If Cows Can Learn, So Can We!!

I hope that the video that I have inserted into this entry works! It is a fun video, something that was sent to me on WhatsApp, by my class group. Bless their souls!

This is a bit of a quirky post, so I assume that it is best to treat it that way! But, take a close look at the video, and I assume that this is not a trick video.

The cow manages to use the hand pump to get water to drink on, what must have been, a hot Indian day. Water, as we know it, is manna to a thirsty soul.

Assuming that the cow has intelligence beyond what we associate with cows, the cow has watched us human beings, as we operated the hand pump, and decided that this would work for it. Since it does not possess the same kind of hands that we have, it improvised by using it’s head to move the pump-handle, and then with a quick movement, drank some water. 

Brilliant. This is what we learn as kids. We learn by watching, and then improvising as we go along. Until, the adult or parent voice (if you prefer transactional analysis!) tells us to follow rules and not to improvise.

The key to learning is not just watching, but learning to live with the failure of improvisation. Improvisation allows, or encourages us, to make the best of our constraints, and to make the improvements that fit within the scales of our circumstances and resources. 

And then, we stop. 

Improvisation, more often than not, stops. Holy rules become holy cows, and that becomes the sacred law. 

Innovation happens when we take improvisation to a new level, and then new thinking and improvisation thinking go hand in hand.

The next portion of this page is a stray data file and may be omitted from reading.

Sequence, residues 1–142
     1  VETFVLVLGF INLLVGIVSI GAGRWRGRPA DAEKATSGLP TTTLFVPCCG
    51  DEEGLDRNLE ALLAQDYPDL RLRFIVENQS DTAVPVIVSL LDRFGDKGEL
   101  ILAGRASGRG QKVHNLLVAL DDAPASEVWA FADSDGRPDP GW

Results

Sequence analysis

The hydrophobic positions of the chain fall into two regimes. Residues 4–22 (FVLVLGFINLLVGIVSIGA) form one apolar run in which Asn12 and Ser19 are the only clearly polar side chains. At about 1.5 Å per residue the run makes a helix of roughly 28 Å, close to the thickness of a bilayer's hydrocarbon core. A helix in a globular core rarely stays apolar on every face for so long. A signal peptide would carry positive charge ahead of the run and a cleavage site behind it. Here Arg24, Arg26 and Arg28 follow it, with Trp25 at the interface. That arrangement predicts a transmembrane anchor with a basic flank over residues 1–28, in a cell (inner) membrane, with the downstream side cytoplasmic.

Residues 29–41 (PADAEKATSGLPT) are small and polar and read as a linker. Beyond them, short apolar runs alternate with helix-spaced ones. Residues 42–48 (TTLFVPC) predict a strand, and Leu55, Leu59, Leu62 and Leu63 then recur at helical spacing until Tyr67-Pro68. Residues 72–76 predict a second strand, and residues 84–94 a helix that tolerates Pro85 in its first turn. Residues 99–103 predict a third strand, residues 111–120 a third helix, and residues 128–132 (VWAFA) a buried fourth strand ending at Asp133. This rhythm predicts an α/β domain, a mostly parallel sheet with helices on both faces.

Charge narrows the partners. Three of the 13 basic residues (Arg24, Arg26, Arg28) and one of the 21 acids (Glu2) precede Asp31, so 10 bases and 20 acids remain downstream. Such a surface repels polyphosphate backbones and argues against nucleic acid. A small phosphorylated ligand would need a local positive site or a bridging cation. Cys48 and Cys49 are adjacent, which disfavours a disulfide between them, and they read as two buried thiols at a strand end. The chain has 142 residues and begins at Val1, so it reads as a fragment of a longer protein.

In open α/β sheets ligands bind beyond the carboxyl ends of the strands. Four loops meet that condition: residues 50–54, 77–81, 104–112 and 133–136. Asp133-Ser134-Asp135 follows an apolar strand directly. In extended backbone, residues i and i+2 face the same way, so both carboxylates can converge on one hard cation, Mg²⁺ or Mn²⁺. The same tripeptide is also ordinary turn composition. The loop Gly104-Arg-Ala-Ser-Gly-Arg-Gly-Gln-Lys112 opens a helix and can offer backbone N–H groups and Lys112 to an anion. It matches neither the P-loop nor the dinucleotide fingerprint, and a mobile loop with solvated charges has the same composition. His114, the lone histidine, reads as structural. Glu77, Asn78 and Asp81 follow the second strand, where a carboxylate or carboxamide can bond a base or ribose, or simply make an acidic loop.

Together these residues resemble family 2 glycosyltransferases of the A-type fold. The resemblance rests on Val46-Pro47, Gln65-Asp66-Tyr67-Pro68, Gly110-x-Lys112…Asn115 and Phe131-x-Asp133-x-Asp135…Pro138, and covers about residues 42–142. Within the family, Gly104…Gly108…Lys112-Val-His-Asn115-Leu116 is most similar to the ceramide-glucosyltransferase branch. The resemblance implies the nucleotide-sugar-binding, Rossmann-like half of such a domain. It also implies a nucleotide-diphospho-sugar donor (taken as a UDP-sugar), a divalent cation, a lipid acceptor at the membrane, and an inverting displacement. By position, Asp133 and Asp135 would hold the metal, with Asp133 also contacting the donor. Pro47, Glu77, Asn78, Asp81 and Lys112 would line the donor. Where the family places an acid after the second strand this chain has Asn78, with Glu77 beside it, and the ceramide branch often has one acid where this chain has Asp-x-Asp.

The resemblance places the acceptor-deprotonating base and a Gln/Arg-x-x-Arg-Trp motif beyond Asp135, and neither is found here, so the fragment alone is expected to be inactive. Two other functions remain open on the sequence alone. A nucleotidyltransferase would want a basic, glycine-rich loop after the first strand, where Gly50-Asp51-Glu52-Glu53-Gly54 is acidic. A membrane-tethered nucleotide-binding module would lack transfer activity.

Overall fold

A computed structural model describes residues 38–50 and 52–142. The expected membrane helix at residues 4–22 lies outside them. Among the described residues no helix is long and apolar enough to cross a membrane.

The folks who created the hand pump several centuries ago were probably iconic geniuses, especially as their invention transcended space. These hand pumps are found across India, as the technology was indigenized with glee. But, what happened through the centuries? While the pumps work well, do they work well enough?

The questions to be asked are, amongst others:

  • Has the water table dropped, and can the pump pull water?
  • Since the population has increased, does the pump design need to be modified?
  • Do you need to add distribution lines to the pump?

It is only when we ask questions that challenge the status quo, that challenge the line that “if it ain’t broke don’t fix it”, will we innovate to improve.

The cow learned, and improvised.

Will the blessed creature stop there, or will it bequeath it’s learning to it’s calves as one more sacred cow, to be followed by generations of cows as a truth that cannot be tampered with? 

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